MEMS fabrication technology has facilitated the implementation of a broad variety of low-cost miniature sensors, including those for measuring linear and angular rates of objects-of-interest. Earlier work has focused on component-level sensor fabrication issues and proof-of- concept verification of their sensing ability. This prior work has provided the foundation for design and performance assessment of the next generation of multi-axis embedded MEMS sensors at a subsystem level. Subsequently, this will lead to the fabrication of an integrated self-calibrating 6 degree-of-freedom (DOF) strapdown intertial sensor assembled in a low-cost miniature package. This in turn will lead to a variety of applications that are currently unrealistic because of cost-weight-power considerations. This particular effort is directed toward establishing the feasibility of extracting additional information from a MEMS sensor by appropriately exciting a single-axis Coriolis sensor, for example, to generate optimum angular velocity and angular acceleration estimates, whereas prior studies have shown only the ability to generate approximate angular acceleration estimates, whereas prior studies have shown only the ability to generate approximate angular rotational velocity measurements. This work entailed the dynamic modeling of a representative MEMS sensor and several different angular velocity and angular acceleration driving functions in a MATLAB-based simulation. The corresponding raw sensor outputs were then optimally processed to concurrently generate estimates of both angular velocity and angular acceleration. The graphical results form these simulation studies are included to show the benefit of physically co-locating a digital computing element with the MEMS sensor, thereby facilitating the creation of a new generation of digital smart sensors, that will be capable of self-calibration based performance deterioration assessment, fault detection and recovery.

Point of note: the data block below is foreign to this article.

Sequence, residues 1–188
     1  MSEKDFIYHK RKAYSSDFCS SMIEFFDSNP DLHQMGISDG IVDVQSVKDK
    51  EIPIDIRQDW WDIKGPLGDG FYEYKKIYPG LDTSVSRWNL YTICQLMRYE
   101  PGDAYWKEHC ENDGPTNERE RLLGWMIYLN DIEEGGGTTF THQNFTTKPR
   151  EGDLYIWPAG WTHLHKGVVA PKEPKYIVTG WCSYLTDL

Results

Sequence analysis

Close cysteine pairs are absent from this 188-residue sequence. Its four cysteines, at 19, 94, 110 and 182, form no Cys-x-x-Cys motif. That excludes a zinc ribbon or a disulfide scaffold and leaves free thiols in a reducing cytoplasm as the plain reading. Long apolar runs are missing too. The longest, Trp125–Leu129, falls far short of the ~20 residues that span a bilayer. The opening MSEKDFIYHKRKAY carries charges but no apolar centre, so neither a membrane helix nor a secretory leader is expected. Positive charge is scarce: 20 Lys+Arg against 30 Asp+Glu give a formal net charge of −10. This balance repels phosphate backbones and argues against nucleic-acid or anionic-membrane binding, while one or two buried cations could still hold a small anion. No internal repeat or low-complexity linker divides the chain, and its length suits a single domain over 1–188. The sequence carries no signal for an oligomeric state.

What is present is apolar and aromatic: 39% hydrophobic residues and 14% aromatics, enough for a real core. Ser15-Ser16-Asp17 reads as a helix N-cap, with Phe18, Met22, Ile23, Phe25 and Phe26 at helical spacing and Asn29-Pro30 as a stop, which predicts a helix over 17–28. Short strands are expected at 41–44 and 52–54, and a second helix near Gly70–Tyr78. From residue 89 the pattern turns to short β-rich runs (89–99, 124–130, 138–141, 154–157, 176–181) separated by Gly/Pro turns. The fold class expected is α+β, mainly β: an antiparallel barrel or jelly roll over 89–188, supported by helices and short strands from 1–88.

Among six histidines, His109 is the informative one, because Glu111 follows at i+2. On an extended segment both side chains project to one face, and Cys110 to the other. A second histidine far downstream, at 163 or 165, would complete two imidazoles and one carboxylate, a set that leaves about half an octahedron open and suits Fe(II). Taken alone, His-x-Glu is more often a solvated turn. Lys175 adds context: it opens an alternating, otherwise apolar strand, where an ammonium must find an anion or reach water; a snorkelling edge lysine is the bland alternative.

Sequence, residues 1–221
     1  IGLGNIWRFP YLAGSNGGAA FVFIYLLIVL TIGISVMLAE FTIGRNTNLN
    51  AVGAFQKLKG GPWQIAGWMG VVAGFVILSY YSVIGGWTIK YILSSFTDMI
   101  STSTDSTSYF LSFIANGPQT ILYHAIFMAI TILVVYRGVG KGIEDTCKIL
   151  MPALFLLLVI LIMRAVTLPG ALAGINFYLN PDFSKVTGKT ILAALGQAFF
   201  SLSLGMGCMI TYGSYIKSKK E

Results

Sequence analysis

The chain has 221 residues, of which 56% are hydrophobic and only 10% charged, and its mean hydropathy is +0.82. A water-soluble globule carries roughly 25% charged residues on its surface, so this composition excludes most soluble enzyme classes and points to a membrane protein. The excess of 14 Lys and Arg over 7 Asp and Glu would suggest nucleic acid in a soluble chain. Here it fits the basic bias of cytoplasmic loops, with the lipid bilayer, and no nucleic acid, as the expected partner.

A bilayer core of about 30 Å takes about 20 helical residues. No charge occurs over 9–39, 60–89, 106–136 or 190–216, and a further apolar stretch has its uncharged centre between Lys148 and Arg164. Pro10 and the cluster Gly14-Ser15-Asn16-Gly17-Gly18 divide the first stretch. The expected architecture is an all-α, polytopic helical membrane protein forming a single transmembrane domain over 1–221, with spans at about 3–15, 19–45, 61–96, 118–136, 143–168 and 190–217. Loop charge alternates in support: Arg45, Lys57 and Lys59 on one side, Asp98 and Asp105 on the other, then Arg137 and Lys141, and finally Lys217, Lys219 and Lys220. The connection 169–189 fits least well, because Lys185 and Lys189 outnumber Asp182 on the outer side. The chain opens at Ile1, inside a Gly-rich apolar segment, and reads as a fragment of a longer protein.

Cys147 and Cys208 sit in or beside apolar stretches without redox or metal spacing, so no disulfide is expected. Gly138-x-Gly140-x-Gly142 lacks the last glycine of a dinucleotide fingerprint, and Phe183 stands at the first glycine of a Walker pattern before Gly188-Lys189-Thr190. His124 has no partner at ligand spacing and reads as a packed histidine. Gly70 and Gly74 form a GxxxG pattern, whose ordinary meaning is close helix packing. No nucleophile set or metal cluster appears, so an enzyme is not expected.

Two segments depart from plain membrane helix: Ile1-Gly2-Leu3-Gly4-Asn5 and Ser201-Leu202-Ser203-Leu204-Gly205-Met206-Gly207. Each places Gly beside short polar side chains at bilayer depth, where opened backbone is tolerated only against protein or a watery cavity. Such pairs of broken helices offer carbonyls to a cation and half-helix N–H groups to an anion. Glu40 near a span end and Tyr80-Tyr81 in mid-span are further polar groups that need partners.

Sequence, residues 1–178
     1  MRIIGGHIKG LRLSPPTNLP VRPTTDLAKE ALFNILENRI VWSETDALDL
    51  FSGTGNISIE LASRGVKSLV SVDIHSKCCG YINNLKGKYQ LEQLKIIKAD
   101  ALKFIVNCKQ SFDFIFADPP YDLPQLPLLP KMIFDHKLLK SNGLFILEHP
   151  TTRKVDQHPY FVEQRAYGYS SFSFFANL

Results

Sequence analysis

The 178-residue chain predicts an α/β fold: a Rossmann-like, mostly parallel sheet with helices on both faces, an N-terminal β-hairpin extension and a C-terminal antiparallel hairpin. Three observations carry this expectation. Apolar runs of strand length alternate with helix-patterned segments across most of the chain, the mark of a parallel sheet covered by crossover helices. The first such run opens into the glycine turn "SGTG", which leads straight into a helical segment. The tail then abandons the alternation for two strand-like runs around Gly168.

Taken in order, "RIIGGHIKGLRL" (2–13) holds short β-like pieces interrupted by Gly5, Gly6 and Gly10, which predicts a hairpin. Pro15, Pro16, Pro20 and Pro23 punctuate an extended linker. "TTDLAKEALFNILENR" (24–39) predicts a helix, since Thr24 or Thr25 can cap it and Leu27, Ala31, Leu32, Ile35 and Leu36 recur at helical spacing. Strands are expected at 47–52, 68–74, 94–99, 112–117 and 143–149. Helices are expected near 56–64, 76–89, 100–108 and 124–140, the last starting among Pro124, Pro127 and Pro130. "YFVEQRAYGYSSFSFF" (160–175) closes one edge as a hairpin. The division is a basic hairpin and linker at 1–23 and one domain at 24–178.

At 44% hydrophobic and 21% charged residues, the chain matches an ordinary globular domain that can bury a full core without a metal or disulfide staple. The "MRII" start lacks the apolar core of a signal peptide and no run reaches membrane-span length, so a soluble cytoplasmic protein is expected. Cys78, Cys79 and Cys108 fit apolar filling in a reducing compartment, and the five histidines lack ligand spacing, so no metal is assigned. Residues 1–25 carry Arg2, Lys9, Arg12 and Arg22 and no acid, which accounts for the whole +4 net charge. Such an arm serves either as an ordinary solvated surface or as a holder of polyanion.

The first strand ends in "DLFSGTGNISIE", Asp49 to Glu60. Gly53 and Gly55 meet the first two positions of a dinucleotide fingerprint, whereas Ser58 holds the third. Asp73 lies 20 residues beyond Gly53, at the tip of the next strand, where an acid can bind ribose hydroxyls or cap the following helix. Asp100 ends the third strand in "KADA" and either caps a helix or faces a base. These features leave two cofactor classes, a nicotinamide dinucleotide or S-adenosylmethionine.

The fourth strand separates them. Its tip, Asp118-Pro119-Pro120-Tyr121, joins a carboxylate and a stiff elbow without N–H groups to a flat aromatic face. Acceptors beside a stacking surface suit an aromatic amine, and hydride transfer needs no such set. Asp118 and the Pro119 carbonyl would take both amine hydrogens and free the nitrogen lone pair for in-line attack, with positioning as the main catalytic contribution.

A broad variety of passive ranging algorithms are currently being developed and enhanced at NASA Ames and elsewhere. Some of the factors resulting in algorithm variability include (a) number of sensors (e.g., stereo), (b) type of input sensors (e.g., multispectral), and (c) output display needs (e.g., history vectors superimposed on raw video). This paper describes a cost- effective, real-time general purpose (reprogrammable) computationally scalable digital processing architecture that enables researchers to perform comparative evaluations in a laboratory or field environment. Performance benchmark studies indicate that the passive ranging algorithm developed at NASA-Ames can be executed by a 32 processor based shared memory multiprocessor architecture, implemented on two (9U) VME boards.